In Bakakack, a stone’s throw away from Ms. Ndour’s residence in Kourty, a solar panel is visible adorning a nearby roof. It’s one of the expensive, finicky, private home set-up panels that are for sale in markets across the country, residents say – and it’s too weak to power much more than a cell phone or lightbulb, and not nearly enough to be a long-term solution.

Nick Roll
Modou Gueye stands in front of the local public school, where he is the director, in Bakakack, Senegal, Oct. 9, 2021. Teachers are often late because they would rather commute than live in Bakakack, which doesn't have electricity.

Students at the local school have a hard time studying once the sun goes down. The director, Modou Gueye, has to go into town to make photocopies of exams. Farmers in Bakakack and Kourty have to travel into town to use electric-powered machines to grind their millet and other crops. The local health facility has a hard time attracting workers. 

Then there are the daily indignities, residents say – not being able to have a cool glass of water after a hot day in the fields, or sleep under the breeze of a fan.

“If there was electricity, we’d prepare madeleines, we’d prepare our coffee – at a big, nice spot, cooking and selling all night,” says Ms. Ndour.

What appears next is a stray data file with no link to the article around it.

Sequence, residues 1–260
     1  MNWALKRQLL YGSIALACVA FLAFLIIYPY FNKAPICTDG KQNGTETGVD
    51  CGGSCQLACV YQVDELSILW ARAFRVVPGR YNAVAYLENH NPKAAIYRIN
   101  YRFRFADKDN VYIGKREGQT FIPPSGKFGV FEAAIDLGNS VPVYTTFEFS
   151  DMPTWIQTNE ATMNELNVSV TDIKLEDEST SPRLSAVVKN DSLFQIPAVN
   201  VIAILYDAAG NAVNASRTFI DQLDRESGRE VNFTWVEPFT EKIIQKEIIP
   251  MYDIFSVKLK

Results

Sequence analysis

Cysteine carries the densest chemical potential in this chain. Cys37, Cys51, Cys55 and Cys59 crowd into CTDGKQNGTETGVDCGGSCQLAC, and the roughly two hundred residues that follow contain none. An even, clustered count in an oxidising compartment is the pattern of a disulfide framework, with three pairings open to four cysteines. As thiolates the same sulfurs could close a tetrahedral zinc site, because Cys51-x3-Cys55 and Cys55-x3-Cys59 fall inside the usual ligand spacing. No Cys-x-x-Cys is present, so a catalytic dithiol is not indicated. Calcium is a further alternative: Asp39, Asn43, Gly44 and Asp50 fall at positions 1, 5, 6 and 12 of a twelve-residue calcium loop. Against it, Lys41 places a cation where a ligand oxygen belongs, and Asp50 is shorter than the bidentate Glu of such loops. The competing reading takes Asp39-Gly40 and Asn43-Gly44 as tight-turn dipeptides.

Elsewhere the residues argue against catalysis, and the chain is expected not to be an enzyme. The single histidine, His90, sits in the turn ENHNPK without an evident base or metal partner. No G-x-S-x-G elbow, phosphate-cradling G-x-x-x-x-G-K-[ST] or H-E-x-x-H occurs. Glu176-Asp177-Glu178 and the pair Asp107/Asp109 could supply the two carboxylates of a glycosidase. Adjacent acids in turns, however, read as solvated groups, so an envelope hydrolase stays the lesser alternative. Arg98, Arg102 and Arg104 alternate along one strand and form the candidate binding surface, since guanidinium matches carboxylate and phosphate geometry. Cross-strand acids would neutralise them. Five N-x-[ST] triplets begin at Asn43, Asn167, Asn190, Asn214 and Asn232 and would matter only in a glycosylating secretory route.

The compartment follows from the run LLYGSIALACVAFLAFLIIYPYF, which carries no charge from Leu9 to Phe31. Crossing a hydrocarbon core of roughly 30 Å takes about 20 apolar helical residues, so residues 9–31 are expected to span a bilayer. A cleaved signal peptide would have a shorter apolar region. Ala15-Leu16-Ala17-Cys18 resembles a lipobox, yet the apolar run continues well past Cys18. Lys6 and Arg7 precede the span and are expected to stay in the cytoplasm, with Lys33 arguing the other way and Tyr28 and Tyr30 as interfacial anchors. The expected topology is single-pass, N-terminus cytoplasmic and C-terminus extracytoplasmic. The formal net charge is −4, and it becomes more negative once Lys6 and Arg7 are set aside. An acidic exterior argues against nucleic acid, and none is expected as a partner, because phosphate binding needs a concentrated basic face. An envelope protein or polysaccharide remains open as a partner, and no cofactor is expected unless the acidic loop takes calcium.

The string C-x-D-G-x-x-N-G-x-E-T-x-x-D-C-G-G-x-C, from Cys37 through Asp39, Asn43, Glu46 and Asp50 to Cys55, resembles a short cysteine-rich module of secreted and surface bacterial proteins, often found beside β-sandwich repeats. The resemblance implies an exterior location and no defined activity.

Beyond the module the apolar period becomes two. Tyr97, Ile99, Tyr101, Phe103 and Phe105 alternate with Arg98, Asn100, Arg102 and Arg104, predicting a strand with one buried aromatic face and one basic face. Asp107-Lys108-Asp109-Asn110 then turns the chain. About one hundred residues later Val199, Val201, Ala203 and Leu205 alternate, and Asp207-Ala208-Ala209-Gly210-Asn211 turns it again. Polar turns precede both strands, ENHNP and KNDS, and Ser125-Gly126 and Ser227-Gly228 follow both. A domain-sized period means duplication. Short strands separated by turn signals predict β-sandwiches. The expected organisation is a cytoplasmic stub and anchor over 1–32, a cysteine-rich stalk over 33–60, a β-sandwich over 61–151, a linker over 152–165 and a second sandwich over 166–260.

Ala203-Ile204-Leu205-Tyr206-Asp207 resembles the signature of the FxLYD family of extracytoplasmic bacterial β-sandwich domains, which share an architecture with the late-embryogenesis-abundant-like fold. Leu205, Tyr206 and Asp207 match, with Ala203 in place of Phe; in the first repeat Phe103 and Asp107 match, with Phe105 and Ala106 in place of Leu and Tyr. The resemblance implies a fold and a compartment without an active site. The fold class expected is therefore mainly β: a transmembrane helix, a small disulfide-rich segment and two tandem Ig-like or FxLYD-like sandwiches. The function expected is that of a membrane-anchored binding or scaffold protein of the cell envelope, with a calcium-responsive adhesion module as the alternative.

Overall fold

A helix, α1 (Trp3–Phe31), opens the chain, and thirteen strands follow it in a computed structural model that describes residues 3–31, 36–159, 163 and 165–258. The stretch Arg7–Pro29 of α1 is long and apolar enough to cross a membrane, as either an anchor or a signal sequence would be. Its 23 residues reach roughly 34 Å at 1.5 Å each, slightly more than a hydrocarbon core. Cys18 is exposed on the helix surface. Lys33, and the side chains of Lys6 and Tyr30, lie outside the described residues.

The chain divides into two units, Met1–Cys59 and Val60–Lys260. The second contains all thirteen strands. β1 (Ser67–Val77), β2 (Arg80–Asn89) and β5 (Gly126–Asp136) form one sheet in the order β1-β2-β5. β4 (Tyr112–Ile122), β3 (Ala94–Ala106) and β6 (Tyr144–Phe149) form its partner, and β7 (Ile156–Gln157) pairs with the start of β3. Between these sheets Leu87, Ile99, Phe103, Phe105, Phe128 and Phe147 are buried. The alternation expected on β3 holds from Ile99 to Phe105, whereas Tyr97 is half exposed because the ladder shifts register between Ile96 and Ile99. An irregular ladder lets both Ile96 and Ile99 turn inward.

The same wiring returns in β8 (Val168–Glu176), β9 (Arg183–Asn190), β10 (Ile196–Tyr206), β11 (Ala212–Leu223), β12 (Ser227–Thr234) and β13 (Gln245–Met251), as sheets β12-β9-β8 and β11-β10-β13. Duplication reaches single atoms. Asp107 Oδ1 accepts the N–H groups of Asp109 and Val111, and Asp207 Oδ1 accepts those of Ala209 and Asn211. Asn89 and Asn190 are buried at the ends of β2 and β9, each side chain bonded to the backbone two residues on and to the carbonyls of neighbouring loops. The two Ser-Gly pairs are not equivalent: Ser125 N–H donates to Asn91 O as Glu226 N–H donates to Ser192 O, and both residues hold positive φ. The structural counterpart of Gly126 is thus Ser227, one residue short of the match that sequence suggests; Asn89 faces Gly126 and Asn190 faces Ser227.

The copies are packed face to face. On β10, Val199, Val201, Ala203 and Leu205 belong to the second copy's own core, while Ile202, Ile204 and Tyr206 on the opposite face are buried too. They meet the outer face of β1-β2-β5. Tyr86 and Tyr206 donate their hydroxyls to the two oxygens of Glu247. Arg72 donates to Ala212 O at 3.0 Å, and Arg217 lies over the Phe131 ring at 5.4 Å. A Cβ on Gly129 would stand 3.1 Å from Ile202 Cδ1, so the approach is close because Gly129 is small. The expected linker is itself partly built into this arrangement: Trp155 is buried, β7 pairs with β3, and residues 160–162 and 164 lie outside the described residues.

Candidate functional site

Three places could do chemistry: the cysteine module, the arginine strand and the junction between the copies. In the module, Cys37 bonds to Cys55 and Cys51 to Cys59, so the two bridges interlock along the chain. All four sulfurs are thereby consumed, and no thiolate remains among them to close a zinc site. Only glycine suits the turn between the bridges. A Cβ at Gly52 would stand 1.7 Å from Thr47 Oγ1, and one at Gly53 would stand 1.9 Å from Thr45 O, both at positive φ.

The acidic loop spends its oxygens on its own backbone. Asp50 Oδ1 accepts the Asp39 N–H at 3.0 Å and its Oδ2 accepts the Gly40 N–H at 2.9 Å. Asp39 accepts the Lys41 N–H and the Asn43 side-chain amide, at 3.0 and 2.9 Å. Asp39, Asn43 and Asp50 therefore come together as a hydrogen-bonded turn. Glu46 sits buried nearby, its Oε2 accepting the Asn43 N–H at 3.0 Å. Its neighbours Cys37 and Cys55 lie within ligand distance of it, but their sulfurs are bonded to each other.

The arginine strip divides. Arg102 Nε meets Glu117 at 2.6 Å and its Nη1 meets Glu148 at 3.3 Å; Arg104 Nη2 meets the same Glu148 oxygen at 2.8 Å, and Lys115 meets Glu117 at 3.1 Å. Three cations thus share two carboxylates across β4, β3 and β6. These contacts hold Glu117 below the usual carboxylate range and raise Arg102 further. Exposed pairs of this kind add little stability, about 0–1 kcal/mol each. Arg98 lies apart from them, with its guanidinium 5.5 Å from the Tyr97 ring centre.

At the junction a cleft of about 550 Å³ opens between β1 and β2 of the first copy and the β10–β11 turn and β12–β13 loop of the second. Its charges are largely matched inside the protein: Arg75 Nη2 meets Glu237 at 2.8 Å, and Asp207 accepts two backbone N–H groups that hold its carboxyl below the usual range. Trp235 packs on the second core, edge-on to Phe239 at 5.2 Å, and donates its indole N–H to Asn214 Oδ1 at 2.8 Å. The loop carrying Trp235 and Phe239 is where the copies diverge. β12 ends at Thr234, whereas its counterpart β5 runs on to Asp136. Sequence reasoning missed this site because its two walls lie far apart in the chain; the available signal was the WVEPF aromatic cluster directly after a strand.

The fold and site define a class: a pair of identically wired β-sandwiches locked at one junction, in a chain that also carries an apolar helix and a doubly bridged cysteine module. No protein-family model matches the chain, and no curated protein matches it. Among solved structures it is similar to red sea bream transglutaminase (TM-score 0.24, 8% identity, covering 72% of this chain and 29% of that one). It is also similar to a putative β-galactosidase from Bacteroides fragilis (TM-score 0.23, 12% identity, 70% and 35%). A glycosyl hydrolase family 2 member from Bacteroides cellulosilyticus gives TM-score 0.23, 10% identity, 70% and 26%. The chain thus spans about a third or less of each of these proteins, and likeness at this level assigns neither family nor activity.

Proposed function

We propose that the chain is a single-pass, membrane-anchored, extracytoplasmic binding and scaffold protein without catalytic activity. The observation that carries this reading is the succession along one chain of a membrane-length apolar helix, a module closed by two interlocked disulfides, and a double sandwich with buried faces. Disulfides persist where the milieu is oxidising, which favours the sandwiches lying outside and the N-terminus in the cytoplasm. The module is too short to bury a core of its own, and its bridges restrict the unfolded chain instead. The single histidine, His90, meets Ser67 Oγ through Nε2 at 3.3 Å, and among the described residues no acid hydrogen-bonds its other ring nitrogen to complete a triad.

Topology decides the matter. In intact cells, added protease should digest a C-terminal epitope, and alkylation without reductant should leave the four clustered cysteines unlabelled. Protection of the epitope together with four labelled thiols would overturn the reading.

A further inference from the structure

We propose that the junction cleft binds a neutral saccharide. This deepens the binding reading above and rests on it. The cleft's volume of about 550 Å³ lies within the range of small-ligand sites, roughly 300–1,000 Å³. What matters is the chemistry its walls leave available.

Residents here are well aware of climate change. “Everything that we know is bad for the environment, I don’t want to continue with that,” says Sada Gueye, a farmer. 

Like other residents, he’s open to renewables – but more important than where the village’s future electricity comes from is that it exists at all.

“We don’t reject solar,” says Modou Gueye, the school director. “But we want electricity first.”

Staff writer Simon Montlake contributed to this article from Boston.

This story is part of Covering Climate Now, a global journalism collaboration strengthening coverage of the climate story.

Patterns

Tracing global connections

Climate summit: The key is momentum, even if progress is slow

Success at COP26 or not, our London columnist observes, global support for renewable energy has shifted significantly since the Paris climate summit six years ago. 

David

Two ways to read the story